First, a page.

Breastfeeding: Information sources

Last updated: Monday, April 08, 2019

There are many potential sources for clinical questions about medicines in mothers who are breastfeeding; here are some recommended examples:

UKDILAS offers online advice about medicines in breastfeeding mothers as a series of online Q&As. Type the name of a medicine into the search engine on the SPS website, select it from the dropdown list, then scroll to the bottom of the page to look at the 'Lactation Safety Information' section. There is also a list of all its breastfeeding Q&As here.

LactMed is the Drugs and Lactation Database. It is a helpful, free, online resource produced by the National Library of Medicine in the US.

Hale’s Medication in Mothers’ Milk is a helpful place to start for information about most drugs in breastfeeding. It is available as a book or you can subscribe online. This source can be very useful for pharmacokinetic data.

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Drugs in Pregnancy and Lactation by Briggs et al. may assist you, depending upon the nature of the question you're looking into. It is available online via the publisher and in a paper format, although the online version is more up-to-date. The book Drugs During Pregnancy and Lactation by Schaefer et al. is also useful.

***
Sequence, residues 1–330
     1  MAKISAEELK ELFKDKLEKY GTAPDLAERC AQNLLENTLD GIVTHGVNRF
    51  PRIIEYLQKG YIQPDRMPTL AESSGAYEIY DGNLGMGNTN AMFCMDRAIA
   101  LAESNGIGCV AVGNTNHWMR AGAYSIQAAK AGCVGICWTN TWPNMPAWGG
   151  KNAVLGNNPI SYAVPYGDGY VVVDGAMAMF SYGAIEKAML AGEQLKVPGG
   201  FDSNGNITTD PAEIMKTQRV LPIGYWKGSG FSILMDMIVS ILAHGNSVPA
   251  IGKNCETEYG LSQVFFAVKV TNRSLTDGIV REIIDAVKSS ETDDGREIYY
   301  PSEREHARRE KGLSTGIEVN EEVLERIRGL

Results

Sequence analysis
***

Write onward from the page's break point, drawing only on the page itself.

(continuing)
SPCs have variable content and often make statements based on legal concerns rather than evidence.

Choose your search terms carefully in Embase and Medline – you can use the term ‘breast feeding’ in both databases, but Embase uses ‘breast milk’ while Medline prefers ‘milk, human’. In England, most NHS sites access these databases via Athens. Your library or a senior pharmacist will show you how to log in.

Be careful about conducting a general internet search on this subject. If you do, you may like to look at our brief guide to evaluating websites about medicines.

Presenting your answer 

Once you’ve asked sufficient questions, gathered the information required and assessed it, you’ll need to provide an answer. As a reminder, we offer some general guidance on answering clinical problems. You might like to refresh your memory if you’ve not looked at this recently.